A speck I almost missed. Okay, I did miss it and had to execute a rather hairy eighty-point turn in order to circle back—but I just told myself it was all part of my plan to lose any tail I might still have. (I’d become really good at believing my lies over the years.)

 Finally, I turned left and steered my rental car down the dirt road that didn’t show up on GPS. I’d been here once before. And I prayed at least Karen, his foreman’s wife, would welcome me with open arms. Even if Colt wouldn’t.

 # # #

 What seemed like an hour later, I made a right turn at the old sign post that—once more—I’d almost missed. I tried to not take that particular happening as yet another omen. At this point, I had so much bad luck stored up, I could break a hundred mirrors into the teeniniest pieces and it wouldn’t make one bit of difference.

 After another bend or forty in the road, the house came into view. Bracketed by lush green crops to the north and steely-grey mountains to the south and east, it was a perfect prairie house. Wrap-around porches, gabled windows up top—all creamy white with dark blue shutters. It was a dreamy little piece of architecture, and so different from the mostly adobe-inspired and Italianate buildings you saw in Tucson.

 As I’d been before, I was charmed by this place.

 After killing the engine, I didn’t even take a moment to check my hair in the rearview mirror or slick on some gloss. What difference would it make? I was already at rock bottom. No point in putting on a party face. But I did try to wait for the dust and dirt to settle before I got out of the car.

 The dogs had stirred the moment my car came up the drive; they were now totally riled up; and I could hear them sending up a curious round of ruh-rooooos.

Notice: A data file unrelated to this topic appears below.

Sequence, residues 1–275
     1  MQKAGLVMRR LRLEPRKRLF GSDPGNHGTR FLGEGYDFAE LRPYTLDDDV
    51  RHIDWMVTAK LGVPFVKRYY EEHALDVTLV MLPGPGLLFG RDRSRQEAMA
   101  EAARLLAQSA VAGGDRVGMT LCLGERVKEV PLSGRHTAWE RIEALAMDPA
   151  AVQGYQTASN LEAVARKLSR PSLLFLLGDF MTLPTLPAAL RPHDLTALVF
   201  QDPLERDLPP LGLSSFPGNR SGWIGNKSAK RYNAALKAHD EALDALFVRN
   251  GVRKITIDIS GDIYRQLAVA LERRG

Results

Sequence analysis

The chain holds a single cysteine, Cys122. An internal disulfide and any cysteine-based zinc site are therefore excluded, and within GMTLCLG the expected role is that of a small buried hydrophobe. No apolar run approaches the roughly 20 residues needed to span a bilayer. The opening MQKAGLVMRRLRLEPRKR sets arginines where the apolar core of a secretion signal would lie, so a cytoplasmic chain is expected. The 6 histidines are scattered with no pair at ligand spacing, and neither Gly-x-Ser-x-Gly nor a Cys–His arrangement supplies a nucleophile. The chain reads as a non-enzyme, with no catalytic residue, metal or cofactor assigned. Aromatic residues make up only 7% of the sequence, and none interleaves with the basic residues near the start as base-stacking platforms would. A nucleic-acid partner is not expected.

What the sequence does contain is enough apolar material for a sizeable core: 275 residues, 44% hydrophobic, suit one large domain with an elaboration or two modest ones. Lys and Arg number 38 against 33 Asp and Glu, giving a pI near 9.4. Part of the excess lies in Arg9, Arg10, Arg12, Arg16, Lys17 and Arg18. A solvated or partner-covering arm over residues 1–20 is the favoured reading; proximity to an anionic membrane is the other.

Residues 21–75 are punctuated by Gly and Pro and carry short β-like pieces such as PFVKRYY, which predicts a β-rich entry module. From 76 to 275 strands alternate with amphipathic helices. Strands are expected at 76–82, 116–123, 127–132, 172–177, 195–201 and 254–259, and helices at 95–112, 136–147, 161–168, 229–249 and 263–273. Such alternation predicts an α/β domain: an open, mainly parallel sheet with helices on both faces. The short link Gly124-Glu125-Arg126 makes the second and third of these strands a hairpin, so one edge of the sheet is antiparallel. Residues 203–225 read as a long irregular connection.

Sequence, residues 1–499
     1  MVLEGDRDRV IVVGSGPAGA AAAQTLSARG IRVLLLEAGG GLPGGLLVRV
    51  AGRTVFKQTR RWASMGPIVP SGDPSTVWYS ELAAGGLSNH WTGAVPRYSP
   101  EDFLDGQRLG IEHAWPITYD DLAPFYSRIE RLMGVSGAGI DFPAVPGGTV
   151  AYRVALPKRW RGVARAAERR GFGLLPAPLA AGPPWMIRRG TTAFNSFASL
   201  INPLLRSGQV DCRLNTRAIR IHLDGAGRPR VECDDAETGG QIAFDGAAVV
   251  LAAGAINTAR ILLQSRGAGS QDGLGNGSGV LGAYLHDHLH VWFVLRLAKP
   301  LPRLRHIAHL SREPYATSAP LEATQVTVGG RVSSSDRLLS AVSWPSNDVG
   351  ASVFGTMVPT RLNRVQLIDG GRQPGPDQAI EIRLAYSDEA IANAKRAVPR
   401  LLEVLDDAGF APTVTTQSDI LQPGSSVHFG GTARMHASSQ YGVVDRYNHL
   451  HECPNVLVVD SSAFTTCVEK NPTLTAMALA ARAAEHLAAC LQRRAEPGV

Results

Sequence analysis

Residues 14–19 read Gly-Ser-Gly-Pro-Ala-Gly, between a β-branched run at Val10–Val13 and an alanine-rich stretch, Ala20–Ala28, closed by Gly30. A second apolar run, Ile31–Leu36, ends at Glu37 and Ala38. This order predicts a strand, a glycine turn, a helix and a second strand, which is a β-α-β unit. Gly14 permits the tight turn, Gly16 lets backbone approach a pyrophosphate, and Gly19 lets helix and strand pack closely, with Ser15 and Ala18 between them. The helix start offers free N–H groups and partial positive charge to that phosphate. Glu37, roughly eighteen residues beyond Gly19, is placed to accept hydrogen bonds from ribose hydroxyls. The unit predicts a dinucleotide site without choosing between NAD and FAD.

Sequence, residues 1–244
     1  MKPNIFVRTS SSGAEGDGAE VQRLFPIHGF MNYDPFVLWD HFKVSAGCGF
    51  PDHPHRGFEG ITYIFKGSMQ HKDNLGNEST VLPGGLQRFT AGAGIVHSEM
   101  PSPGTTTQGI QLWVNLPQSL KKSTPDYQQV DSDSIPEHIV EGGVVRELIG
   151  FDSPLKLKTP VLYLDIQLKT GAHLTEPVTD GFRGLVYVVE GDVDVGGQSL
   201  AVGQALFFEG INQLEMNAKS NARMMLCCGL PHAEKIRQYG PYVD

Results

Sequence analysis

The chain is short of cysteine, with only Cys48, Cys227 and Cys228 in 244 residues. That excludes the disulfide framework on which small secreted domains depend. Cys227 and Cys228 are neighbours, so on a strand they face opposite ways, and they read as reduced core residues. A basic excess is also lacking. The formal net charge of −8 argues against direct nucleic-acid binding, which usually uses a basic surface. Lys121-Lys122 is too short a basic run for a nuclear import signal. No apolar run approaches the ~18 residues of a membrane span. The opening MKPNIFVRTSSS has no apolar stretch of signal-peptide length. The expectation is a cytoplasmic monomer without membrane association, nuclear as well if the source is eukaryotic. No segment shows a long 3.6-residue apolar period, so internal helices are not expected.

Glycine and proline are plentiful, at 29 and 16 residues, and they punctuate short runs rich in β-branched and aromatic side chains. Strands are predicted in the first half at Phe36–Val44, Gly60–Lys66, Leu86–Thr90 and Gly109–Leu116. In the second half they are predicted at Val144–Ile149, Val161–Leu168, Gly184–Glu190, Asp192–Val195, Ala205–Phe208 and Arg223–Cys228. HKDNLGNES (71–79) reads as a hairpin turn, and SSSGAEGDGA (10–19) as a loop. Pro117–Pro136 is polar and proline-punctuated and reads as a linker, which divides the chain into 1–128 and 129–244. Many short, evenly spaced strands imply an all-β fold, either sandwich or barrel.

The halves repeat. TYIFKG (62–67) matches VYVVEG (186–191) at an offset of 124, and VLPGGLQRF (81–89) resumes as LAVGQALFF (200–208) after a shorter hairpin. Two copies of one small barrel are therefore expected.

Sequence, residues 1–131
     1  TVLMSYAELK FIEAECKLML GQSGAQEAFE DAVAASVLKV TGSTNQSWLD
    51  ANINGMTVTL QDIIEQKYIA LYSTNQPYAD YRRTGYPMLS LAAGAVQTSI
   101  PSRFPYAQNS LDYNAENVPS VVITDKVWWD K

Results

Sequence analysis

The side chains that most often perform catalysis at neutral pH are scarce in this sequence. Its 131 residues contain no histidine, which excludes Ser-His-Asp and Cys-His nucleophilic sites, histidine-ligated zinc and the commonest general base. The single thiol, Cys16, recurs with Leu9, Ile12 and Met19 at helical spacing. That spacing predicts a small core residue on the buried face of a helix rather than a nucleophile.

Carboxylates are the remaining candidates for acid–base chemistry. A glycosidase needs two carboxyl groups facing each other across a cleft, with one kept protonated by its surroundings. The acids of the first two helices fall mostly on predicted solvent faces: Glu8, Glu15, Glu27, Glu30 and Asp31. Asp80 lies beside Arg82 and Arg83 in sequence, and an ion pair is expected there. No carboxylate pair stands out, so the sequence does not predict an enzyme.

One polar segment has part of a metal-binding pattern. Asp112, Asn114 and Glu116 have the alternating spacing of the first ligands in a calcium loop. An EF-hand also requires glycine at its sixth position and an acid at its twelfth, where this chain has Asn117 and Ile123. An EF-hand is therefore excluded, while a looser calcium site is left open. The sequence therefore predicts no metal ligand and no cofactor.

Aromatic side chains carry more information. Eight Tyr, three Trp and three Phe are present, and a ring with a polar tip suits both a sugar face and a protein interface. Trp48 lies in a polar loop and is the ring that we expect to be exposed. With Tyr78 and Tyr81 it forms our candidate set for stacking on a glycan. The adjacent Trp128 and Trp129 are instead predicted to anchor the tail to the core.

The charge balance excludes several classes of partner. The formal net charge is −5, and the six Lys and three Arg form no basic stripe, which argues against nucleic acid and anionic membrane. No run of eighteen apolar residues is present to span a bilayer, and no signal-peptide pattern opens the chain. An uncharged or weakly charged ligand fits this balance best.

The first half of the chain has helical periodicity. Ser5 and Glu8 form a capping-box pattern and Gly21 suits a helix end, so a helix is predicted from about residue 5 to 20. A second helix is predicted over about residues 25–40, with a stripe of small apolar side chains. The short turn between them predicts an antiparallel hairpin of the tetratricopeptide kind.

Some watchdogs—they about wiggled their little butts to death the moment I got my feet on terra firma.

 “Hey, dogs,” I cooed to the group and bent down to give lots of scritches. Hopefully, they’d let me get to the porch and the front door beyond without absolutely covering me up in hair. Their happy greeting must have alerted some secret animal reception signal, because even a few old cats came rolling around the corner of the house. They kept their distance as they made their high-pitched hellos, which was fine by me.

 I wondered where Colt was—if he was even here. I hadn’t talked to him in…well, what seemed like forever. But just standing in the late-summer shadows of this old farmhouse was enough. For the first time since this whole mess started, I felt a little measure of stillness come over me.

 Until the door opened to reveal not Karen, the crankiest, most loving woman west of the Mississippi, but the subject of my previous at-home speculation.

 “Hey,” I offered to the man behind the screen door, my heart caught somewhere in the vicinity of my uvula, preventing me from saying more. Guess I never really thought he’d be the one to answer the door.

 I certainly didn’t expect him to look so…grown up and wonderful and all glowery in a way that made me think I had maybe made another big mistake.

 He didn’t say anything. Or, if he did, I couldn’t make it out.

 For a moment, I wasn’t sure he was going to make a move to swing open the old screen door. But he did, eventually, and Joe, his old black lab—now completely white around the muzzle—shot out to greet me. Or ambled, actually.

 And that’s when I lost it.